Free for a Blast, by R. King Clark
Book published by Grenville in 1988, 272 pages. Paperback (N5724)
This book describes the life of a young British Army officer soldiering with the Manchester Regiment between 1934 to 1939, and is largely take up with his quest for an adventurous life in 'the thirties'. It vividly captures the 'Boys Own Adventures' atmosphere of the period, and King Clark recounts his experiemces at Brooklands driving racing cars, as well as flying his Miles Whitney Straight monoplane as far afield as Egypt, Singapore and Bali. In between his adrenalin filled adventures he served as an army officer, and describes his service in Palestine (where he commanded one of Orde Wingate's three Jewish Special Night Squads, the 'SNS' of Israeli folklore, for which he was awarded the Military Cross).
From the rear side cover: At the outbreak of the Second World War in September 1939 Robert (Rex') King-Clark was twenty-five years old. For the previous five years he had beeen serving as a subaltern officer in a line regiment of the British Army commanding an infantry platoon in Yorkshire, Egypt, Palestine and Singapore. Though he took his soldiering - and especially his soldiers - seriously enough, an inheritance when he came of age in 1934 enabled him to channel his surplus energy and enthusiasms, facilitated by the spare time afforded by a lenient Army, into other fields: into touring in exciting cars in Europe and America, racing his single-seater J4 MG at Brooklands and in many other events, and, in particular, flying his Miles Whitney Straight monoplane as far afield as Egypt, Singapore and Bali in the East Indies - and in enjoying the social opportunities these adventures offered.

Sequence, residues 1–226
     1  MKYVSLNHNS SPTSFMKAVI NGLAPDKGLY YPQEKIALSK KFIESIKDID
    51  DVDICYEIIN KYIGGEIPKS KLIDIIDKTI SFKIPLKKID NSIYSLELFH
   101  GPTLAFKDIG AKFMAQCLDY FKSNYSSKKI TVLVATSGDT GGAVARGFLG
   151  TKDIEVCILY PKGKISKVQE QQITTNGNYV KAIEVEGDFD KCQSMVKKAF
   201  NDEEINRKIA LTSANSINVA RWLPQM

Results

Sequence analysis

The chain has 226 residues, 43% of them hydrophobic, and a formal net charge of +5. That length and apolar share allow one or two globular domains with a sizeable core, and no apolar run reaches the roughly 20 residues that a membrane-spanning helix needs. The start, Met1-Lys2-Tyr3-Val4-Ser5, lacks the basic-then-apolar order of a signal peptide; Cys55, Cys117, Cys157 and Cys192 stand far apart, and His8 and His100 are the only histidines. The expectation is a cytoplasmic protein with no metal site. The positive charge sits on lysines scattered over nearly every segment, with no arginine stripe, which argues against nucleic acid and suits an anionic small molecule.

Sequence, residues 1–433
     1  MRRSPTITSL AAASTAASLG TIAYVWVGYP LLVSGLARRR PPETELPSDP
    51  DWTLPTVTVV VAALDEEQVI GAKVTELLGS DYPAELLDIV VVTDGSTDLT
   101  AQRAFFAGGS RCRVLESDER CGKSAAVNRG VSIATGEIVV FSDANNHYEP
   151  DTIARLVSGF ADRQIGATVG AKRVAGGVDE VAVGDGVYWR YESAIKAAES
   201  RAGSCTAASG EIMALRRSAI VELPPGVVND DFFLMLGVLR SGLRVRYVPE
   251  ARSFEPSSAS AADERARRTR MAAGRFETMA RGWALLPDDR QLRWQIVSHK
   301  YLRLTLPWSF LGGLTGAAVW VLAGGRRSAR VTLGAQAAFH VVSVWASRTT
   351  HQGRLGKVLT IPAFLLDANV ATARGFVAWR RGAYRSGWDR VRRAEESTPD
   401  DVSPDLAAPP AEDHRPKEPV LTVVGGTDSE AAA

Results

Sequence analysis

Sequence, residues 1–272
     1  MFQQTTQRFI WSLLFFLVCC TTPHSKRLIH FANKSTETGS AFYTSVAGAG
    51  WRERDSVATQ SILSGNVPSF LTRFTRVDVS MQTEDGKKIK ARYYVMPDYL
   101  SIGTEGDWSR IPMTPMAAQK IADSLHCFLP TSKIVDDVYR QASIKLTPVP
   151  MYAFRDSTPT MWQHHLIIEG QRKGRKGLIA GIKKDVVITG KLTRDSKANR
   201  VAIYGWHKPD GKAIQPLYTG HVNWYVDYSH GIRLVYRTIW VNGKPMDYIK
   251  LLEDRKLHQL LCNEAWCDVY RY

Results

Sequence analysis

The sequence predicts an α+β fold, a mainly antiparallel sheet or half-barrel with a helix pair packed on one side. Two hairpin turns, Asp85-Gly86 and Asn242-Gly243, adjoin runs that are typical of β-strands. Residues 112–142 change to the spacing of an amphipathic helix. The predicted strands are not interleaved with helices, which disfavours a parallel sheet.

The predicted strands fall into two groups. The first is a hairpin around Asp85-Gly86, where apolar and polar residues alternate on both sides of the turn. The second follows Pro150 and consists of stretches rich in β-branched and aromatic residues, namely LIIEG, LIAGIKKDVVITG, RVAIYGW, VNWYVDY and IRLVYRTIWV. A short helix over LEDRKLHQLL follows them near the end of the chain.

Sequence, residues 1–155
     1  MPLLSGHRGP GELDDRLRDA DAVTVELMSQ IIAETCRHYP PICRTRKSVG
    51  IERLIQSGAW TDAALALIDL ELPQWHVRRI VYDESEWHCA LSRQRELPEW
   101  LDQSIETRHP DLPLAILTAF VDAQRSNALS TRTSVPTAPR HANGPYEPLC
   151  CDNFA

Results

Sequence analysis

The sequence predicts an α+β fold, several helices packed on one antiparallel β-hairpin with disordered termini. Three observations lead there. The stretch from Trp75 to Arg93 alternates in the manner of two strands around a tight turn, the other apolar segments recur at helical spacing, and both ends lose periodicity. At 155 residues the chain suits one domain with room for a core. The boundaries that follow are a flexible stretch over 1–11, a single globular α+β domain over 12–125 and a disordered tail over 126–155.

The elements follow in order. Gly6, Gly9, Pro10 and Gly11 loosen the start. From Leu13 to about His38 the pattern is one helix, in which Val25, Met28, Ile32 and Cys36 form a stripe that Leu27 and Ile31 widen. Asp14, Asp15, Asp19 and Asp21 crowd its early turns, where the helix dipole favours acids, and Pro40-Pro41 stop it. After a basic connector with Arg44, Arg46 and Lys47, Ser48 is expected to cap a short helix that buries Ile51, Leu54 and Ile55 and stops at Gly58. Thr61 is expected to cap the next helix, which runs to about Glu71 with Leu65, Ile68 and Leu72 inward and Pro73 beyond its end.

Rex concedes that this pursuit of fun and adventure may, with reason, appear irresponsible during an era of economic depression. However, on the credit side, King-Clark also took his 'fun' seriously, keeping meticulous diaries, logs and scrapbooks, all supported by fine photographs from his Leica camera.
It is this material that forms the basis for this book - the title taken from the family motto of Clerk of Penicuik and Clark of Paisley, the former dating from 1646. The result is a stylish, humorous and notably readable book, the text aptly and often beautifully illustrated. The whole, in fact, epitomizes a young man's quest for adventurous life in an 'amateur' decade - The Thirties - in which social and monetary patterns were stable, family ties strong, soldiering simple, good manners generally prevailed, 'professionalism' lay in the future, and the world for a traveller was still an oyster to be opened. And, moreover, Britannia ruled the waves'!
Though these off-duty activities form the body of Rex King-Clark's book, soldiering itself is not omitted. The central chapter covers the author's service in Palestine during the 1938 'Troubles' when he commanded one of Or de Wingate's three Jewish Special Night Squads - the 'SNS' of Israel folklore - for the leadership of which he was awarded the Military Cross.
The condition of the book is generally good. The cover has one or two minor scuffs, and slight spine roll along the left hand edge, but the spine itself is tight and intact, and all pages are intact, unblemished and tightly bound. There is light yellowing to the inside page edges throughout.